It's quite recently that I realised that what the Bee Gees are singing in the section near the end of the brash, cocky Stayin' Alive ('you can tell by the way I use my walk I'm a woman's man, no time to talk') is 'I'm going nowhere, somebody help me'. (Online lyrics I've just looked at suggest it is in fact 'Life going nowhere'.)

Wednesday, 17 August 2005

'current reading'

I'm the kind of person who reads several books at a time, of different kinds and to suit different moods. At New Year of 2003 I decided I should round up all the books I had bookmarks in. I was still finding them in the summer. I've done the same at subsequent New Years.

1 January 2003 - 33 books, including some I’d been ‘reading’ for years.
1 January 2004 - 23 books, 20 of which had been on the 2003 list.
1 January 2005 - 15 books, 8 of which had been on the 2003 list (and none of which were new additions on the 2004 list).

The trend is in the right direction, but I still haven’t finished any of the 2003 Eight yet this year.

The Eight: Oxford Dictionary of Popes; John Keegan - A History of Warfare; David Groves - Hogg: Birth of a Writer; The Times London History Atlas; Walter Scott - Old Mortality; Iain Murray - Martyn Lloyd-Jones Vol 2; William Cowper - Poetical Works; Hugh Miller - My Schools and Schoolmasters. Of those, three don’t lend themselves to speedy headway, four are fat books I’m in the middle of, and one is one I’ll have to start again as it’s been so long since I picked it up.

Tuesday, 16 August 2005

robin cook

The obituaries of Robin Cook gave me a chance to scan the internet again for something. I heard a bit of Desert Island Discs when he was on it, and was sure I remembered a reference to some kind of Christian background, but couldn't find any reference to it subsequently when I searched online some time later.

But the Daily Telegraph obituary includes this: 'Robert Finlayson Cook was born on February 28 1946 at Bellshill, Lanarkshire, the son of Peter Cook, a headmaster, and his wife Christina. He was educated at Aberdeen Grammar School, Edinburgh Royal High School and Edinburgh University, where he read English Literature. He intended to become a Church of Scotland minister, but lost his faith as he discovered politics; his student sparring partners included another future Foreign Secretary, Malcolm Rifkind, and he chaired the Scottish Association of Labour Student Organisations.'

While searching for that this time, I also discovered that James Callaghan met his wife through his being a Sunday School teacher in his Baptist church.

Monday, 15 August 2005

but are you a protestant jew or a catholic jew?

(being the punchline to the joke of the man being approached in dark Belfast street by threatening gang and being asked 'Are you a Protestant or a Catholic?' and replying 'I'm Jewish.')

Loyalist and Republican terrorists in Northern Ireland were (let's say were) sometimes described as being from the Protestant or Catholic communities, but they would rarely be described (by either friends or enemies of religion or their cause) as Christians.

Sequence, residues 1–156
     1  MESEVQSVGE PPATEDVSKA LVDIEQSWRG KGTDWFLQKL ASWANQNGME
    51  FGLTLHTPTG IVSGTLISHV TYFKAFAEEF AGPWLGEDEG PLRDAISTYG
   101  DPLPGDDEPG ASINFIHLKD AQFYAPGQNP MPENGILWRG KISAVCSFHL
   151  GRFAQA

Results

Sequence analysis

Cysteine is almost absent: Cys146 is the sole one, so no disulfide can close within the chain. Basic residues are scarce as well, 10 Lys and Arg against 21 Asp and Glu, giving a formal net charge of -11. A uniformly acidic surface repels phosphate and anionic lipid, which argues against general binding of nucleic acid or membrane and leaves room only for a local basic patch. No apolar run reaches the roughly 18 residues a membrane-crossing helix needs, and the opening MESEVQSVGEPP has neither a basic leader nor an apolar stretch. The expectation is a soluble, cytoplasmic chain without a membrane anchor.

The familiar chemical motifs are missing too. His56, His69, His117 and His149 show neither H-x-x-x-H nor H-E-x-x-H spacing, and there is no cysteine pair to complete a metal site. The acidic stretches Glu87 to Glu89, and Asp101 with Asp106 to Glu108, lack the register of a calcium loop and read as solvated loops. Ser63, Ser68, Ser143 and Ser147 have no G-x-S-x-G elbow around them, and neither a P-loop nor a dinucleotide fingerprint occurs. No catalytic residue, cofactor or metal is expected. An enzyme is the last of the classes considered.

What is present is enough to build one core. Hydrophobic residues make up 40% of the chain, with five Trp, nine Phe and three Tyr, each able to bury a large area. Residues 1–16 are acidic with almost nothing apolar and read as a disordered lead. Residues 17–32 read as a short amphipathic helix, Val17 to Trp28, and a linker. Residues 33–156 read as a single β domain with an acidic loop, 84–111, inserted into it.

Part of the linguistic problem, I think, in relation to 'Islamic terrorism' is that the language and terms haven't developed to help Muslims, secular or religious, to distance themselves from the terrorists and not be identified with them. An unknown (to me) proportion of Muslims will be secular Muslims or people from a Muslim background - just as not all those who identify themselves as Christian in the census surely contain a proportion who do not consider themselves to be faithful or practicing Christians, however broad one's definition. Unless one believes that the UK is indeed 71% Christian.

Of course part of the difference is that the Islamic terrorists do believe they are faithful believers (or Islamist - I haven't grasped whether there is a preferred acceptable usage, and whether the distinction is intented to imply quotation marks as opposed to faithful believers). Which I guess makes their nearest Western Christian equivalent those American Christians (or 'Christians') who attack abortion clinics and murder people who work there. How does the Christian community distance itself from them, in its use of language? (I've just visited a very unpleasant website which embraces them. I don't expect the Christians behind that website view equivalent websites by Muslims inciting murder in quite the same way as their own.)

An interesting thing I've seen in a couple of reports and interviews is where Muslims say that obeying their faith and its laws is a higher requirement than obeying the law of the land, and that Western culture is decadent, immoral and materialistic; I think many reasonable Christians asked similar questions would give similar answers.